China's factory activity shrinks in Nov amid widespread COVID curbs - Caixin PMI
An employee works on the production line of high speed train components during a government-organised media tour to a factory of German engineering group Voith, following the coronavirus disease (COVID-19) outbreak, in Shanghai, China July 21, 2022. REU
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BEIJING (Reuters) - China's factory activity shrank in November as widespread COVID-19 curbs disrupted manufacturers' output, a private sector survey showed on Thursday, weighing on employment and economic growth in the fourth quarter.
The Caixin/S&P Global manufacturing purchasing managers' index (PMI) rose slightly to 49.4 in November from 49.2 the previous month and beat expectations of a Reuters poll of 48.9. But the reading marks the fourth monthly contraction in a row as the 50-point index mark separates growth from contraction on a monthly basis.
The figure followed downbeat data in an official survey on Wednesday with manufacturing activity falling to a seven-month low in November, hit by prolonged lockdowns and curbs in many places including Beijing and Guangzhou.
Analysts see mounting downside risks to China's economic growth in the fourth quarter despite a flurry of policies to shore up activity, including reserve requirement ratio cuts and support to rescue the sluggish property sector.
Sub-indexes of factory output, employment and new export orders all fell at a sharper pace in November from October, the private Caixin survey showed.
In particular, greater difficulties were seen in the sector's job employment with the rate of job shedding hitting the quickest since February 2020, as some workers were unable to return to work due to virus curbs while production constraints weighed on staffing levels.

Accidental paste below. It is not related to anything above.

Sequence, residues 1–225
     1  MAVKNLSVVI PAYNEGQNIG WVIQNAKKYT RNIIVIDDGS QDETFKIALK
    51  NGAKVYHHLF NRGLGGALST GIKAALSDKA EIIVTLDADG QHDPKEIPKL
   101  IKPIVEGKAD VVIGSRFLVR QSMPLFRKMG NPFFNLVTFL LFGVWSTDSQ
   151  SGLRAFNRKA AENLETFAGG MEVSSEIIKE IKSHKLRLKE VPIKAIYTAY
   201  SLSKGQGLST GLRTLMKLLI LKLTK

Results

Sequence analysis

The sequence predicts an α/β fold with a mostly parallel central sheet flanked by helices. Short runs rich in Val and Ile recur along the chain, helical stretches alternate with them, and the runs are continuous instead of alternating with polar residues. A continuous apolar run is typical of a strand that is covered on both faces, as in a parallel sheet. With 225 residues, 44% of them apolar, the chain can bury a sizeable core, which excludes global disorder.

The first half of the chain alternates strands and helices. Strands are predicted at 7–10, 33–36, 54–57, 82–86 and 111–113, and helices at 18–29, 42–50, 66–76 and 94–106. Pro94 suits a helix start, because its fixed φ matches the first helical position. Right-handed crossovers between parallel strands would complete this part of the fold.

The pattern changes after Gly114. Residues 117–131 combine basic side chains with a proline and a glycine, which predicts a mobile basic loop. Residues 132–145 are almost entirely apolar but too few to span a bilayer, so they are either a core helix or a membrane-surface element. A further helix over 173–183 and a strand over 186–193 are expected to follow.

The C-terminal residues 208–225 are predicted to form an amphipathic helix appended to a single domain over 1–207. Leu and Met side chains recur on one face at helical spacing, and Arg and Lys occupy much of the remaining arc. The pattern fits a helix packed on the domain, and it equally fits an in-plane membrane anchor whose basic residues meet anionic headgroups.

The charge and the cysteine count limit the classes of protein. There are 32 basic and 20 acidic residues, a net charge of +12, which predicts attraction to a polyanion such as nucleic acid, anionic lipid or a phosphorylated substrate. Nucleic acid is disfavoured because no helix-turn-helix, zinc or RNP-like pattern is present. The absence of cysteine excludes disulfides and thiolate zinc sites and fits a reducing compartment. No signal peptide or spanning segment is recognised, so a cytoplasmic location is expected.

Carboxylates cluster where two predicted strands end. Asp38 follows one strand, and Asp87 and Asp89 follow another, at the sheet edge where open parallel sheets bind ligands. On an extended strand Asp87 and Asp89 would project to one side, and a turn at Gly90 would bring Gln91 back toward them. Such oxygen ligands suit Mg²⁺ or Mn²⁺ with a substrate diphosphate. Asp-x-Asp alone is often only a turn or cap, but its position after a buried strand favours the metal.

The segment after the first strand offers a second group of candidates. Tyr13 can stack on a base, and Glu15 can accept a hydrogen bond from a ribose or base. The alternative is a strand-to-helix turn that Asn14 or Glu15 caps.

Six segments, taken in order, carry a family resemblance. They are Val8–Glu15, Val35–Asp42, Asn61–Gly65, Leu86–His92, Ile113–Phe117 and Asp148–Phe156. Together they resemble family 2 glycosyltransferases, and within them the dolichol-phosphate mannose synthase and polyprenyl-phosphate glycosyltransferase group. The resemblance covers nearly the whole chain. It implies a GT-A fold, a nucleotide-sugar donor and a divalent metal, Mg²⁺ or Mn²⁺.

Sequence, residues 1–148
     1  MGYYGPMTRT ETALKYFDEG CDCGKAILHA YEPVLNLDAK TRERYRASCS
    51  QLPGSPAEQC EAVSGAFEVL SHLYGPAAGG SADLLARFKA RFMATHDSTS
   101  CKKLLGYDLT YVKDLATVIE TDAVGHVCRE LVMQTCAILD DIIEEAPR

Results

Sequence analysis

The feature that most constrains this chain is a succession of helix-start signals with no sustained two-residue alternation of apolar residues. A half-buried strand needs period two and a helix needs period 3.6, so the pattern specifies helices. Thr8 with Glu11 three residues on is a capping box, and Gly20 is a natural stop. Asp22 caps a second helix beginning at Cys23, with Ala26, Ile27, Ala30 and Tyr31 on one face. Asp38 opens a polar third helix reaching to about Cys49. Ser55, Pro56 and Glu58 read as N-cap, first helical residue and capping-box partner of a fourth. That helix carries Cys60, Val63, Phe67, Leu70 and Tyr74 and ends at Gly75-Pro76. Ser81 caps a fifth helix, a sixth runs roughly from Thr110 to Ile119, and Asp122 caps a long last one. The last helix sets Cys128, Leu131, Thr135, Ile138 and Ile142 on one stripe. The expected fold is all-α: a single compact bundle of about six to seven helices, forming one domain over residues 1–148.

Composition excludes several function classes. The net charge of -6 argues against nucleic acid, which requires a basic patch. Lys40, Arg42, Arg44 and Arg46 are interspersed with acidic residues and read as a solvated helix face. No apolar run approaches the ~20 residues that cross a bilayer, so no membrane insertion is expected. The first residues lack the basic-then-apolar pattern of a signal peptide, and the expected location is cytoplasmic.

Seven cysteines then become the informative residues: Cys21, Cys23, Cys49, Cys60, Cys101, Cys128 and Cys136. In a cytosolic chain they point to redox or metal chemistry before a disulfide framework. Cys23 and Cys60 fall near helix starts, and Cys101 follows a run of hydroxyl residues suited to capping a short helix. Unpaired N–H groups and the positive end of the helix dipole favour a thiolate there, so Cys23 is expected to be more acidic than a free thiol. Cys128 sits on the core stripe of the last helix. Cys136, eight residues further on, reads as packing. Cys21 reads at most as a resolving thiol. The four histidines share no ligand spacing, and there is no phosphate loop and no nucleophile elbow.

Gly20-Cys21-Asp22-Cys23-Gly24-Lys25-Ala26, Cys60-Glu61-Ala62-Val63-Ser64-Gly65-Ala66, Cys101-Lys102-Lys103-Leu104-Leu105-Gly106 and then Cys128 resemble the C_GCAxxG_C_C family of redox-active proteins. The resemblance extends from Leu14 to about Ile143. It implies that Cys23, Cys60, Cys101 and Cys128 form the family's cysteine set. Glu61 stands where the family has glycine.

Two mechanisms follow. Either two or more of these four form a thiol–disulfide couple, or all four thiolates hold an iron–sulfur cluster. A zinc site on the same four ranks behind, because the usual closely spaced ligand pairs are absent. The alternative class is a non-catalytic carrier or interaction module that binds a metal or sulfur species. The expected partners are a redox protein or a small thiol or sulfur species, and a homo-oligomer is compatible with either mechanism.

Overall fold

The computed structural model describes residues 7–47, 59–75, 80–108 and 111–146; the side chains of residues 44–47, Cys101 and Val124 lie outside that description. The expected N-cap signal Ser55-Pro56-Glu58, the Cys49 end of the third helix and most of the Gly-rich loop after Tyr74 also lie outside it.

"The market is in urgent need of policies to promote employment and stabilize domestic demand," said Wang Zhe, an economist at Caixin Insight Group, suggesting policymakers further coordinate fiscal and monetary policy to expand domestic demand and boost income of the poor population.
Surveyed factory owners also linked delivery times to delays from pandemic restrictions, with the sub-index for delivery times falling to the lowest since May when Shanghai was under lockdown.
As external demand for Chinese goods weakened amid global recession risks and rising inflation, the sub-index of new export orders dipped further, suggesting a sharp rebound of China's exports is unlikely.
The Caixin manufacturing PMI centres on small firms and coastal regions, which includes a number of exporters.
However, manufacturers were generally upbeat in November that production would increase over the next 12 months as they anticipated a recovery in output capacity and client demand when the pandemic recedes.
Health officials said on Tuesday China will speed up COVID-19 vaccinations for elderly people, a move seen as crucial in a strategy to unwind nearly three years of strict curbs that have eroded economic growth, disrupted lives and work, and sparked rare protests in recent days.
(This story has been refiled to correct the quarter to fourth from third in paragraph 1)
(Reporting by Ellen Zhang and Ryan Woo; Editing by Sam Holmes)
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